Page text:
The Race to zero emission
Through continuous innovation and research, the European shipping industry is committed to doing its part in the global and the EU’s fight against climate change and drive towards decarbonisation.
Here are some examples:
In 2015, Swedish Stena Line ferry — the Stena Germanica — became the first ferry in the world to use methanol as fuel.
To meet the Global Sulphur Cap 2020 and the GHG 2050 targets, a group of shipping companies led by the Royal Belgian Shipowners’ Association, their maritime partners and the UCL Energy Institute set up the Maritime Industry Decarbonisation Council (MIDC) in 2016. The MIDC is a thinktank that looks at the development of an evidence-based policy on GHGs that will enable the sector to reduce its GHG emissions in the most cost-effective way. The MIDC brings structure in the debate on short-medium-, and long-term solutions, looking at their CO2 reduction potential, cost, technical maturity, and scalability.
Belgium built the Hydroville in November 2017 — the first certified passenger shuttle that uses a hydrogen-powered engine. The shuttle is now used as a platform to test hydrogen technology for commercial seagoing vessels, the fuel is free of carbon dioxide, particulate matter or sulphur oxides when burnt. In the first phase, the Hydroville transports passengers from Kruibeke to Antwerp during rush hours.
In 2018, the MV Afros, a 64,000 dwt Greek bulk carrier, won an award for being fitted with a Flettner Rotor system. The system utilises an aerodynamic phenomenon known as the Magnus Effect to provide useful propulsion to the vessel by harnessing wind power to enhance vessel efficiency, reducing net fuel consumption and lowering exhaust emissions.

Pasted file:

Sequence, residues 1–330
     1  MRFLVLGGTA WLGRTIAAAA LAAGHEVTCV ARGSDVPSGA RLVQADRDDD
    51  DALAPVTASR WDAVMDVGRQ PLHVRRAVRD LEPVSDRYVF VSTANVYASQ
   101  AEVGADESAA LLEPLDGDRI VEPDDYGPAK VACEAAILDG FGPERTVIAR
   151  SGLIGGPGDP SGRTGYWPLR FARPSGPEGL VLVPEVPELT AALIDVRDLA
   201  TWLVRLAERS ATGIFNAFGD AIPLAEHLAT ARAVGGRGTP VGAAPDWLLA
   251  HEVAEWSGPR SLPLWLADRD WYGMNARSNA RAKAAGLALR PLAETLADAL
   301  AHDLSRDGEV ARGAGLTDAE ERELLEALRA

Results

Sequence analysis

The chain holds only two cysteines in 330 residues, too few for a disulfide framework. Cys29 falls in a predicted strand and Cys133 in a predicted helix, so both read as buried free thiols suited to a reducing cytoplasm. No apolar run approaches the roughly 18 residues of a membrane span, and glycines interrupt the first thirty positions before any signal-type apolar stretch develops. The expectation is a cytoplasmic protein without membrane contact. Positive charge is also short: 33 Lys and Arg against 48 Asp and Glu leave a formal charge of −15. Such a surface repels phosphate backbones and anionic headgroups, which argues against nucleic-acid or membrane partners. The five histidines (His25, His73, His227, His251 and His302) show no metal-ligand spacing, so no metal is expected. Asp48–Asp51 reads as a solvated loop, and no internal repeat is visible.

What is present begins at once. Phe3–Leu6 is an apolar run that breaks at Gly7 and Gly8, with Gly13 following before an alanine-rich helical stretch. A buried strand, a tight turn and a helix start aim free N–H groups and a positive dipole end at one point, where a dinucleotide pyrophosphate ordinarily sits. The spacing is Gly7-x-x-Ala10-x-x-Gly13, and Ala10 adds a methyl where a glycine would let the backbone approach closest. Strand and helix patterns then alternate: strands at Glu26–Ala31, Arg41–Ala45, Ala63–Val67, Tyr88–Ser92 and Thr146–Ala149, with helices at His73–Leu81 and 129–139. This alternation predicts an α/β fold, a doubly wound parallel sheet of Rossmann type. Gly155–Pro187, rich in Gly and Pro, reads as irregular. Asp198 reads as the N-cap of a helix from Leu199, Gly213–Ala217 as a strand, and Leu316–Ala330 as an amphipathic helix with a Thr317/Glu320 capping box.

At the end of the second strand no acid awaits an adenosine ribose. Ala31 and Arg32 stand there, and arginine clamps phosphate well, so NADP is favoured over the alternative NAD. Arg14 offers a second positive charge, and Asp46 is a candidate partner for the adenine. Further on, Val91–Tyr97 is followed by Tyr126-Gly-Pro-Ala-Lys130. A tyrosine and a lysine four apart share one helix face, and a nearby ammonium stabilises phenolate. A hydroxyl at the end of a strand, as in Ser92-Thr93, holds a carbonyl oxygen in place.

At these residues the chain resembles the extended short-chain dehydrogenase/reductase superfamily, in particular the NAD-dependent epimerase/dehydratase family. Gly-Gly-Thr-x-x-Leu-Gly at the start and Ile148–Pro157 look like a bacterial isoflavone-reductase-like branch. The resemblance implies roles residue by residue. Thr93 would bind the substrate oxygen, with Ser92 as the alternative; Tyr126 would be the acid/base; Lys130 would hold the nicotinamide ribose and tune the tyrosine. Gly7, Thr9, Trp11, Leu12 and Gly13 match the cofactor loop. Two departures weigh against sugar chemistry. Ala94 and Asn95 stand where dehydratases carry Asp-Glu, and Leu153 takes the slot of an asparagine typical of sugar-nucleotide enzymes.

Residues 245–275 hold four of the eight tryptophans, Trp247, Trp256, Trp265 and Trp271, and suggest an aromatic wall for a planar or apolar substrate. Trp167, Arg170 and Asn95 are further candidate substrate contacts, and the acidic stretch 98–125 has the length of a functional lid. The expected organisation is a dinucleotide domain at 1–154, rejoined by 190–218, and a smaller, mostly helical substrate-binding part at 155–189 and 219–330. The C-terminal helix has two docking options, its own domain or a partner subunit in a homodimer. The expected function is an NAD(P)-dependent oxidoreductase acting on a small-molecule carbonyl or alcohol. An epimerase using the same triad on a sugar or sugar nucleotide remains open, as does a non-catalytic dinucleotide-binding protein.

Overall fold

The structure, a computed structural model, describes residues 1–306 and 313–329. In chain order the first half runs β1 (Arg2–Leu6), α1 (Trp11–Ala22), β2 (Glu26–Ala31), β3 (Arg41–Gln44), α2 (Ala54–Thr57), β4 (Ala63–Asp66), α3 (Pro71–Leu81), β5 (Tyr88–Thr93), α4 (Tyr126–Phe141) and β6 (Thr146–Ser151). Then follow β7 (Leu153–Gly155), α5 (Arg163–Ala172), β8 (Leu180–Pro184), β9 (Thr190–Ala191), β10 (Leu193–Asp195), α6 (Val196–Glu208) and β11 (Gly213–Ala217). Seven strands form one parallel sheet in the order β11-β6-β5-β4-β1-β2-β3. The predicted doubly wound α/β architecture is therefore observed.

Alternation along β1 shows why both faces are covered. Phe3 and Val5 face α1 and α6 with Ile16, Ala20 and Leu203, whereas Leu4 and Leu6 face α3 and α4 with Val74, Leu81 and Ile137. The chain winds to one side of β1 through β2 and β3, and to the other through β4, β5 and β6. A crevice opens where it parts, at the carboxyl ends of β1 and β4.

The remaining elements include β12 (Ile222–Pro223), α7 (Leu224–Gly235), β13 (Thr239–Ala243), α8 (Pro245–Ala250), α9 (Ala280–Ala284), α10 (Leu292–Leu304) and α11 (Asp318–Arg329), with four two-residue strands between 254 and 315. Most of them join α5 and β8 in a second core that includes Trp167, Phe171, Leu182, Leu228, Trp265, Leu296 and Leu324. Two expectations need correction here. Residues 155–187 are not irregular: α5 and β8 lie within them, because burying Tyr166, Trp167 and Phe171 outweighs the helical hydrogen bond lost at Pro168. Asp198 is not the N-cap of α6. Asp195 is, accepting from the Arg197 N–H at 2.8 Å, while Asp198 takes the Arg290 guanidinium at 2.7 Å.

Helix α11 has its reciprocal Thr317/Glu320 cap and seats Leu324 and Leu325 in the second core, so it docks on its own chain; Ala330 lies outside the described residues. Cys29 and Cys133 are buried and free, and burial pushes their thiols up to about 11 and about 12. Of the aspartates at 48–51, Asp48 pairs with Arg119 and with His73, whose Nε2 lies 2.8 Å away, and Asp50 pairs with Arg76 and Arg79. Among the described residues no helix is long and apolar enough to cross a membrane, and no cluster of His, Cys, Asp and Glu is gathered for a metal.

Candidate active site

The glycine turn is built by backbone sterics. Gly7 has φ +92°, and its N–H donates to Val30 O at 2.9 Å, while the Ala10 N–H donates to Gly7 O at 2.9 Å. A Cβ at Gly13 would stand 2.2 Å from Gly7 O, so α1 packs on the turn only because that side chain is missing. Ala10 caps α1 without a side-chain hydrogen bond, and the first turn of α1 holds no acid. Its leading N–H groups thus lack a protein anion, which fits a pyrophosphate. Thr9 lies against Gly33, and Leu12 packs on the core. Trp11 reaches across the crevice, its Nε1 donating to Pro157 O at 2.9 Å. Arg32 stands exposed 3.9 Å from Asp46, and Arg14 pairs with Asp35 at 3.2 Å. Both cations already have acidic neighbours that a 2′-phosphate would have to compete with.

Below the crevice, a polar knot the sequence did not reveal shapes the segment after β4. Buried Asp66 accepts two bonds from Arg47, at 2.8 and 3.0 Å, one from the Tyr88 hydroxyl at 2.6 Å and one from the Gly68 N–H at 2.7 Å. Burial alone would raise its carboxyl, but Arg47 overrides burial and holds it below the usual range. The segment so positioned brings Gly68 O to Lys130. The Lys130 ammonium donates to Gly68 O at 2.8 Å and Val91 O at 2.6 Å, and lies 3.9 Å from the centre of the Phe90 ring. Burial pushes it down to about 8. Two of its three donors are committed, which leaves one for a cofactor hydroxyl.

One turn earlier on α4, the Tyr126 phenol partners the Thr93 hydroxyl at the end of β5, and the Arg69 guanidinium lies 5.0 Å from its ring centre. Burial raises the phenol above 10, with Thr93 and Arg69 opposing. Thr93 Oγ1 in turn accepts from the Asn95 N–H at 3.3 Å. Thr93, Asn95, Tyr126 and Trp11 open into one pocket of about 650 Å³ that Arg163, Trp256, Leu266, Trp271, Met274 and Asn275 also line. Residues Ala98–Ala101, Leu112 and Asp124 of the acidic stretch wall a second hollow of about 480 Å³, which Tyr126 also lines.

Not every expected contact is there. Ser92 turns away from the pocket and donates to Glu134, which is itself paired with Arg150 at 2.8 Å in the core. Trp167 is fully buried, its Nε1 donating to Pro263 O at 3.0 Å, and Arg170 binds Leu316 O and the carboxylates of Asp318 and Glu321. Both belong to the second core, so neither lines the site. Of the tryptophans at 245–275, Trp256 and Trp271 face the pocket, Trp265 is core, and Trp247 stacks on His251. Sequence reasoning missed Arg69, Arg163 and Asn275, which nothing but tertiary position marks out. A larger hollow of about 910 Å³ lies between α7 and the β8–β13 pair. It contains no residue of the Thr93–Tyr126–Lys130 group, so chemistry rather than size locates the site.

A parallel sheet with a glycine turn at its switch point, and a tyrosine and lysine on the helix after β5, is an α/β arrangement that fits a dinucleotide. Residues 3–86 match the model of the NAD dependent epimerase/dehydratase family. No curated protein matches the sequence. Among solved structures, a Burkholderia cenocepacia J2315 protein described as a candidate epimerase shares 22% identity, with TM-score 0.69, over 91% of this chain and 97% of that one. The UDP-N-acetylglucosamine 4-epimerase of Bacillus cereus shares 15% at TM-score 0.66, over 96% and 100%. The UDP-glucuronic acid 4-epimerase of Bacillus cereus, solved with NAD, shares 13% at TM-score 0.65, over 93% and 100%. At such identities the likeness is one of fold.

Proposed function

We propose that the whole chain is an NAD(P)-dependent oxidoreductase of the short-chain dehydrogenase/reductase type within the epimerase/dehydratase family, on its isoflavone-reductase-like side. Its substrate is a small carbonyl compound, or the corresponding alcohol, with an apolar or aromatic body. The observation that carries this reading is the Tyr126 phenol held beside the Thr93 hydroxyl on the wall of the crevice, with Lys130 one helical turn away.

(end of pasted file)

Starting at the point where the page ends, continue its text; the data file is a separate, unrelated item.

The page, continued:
The all-electric ferry built in the framework of the EU’s Horizon 2020 programme was baptised “Ellen” on 12 June 2019 in Denmark and will soon set sail between the islands of Ærø and Fynshav. With a capacity of 4.3 MWh, she has the largest battery pack currently installed on a ship. The new electric ferry will save an estimated 2,000 tons of CO2 per year in its operation.
From August 2019, the Brim Explorer — a small electric cruise ship — will start operating in Norway’s pristine fjords. The design allows the ship — with maximum 150 persons onboard — to plug onto any pier and is both completely emission-free and silent.
Starting in May 2020, twelve Grimaldi GGSG ro-ro freighters operate in the Mediterranean powered by lithium batteries to guarantee zero emissions inside ports when in ‘eco’ mode. Initially, this will be implemented on vessels operating the Barcelona-Porto Torres-Civitavecchia line. Each vessel has the capacity for 3,500 passengers, 271 cars and 210 heavy vehicles.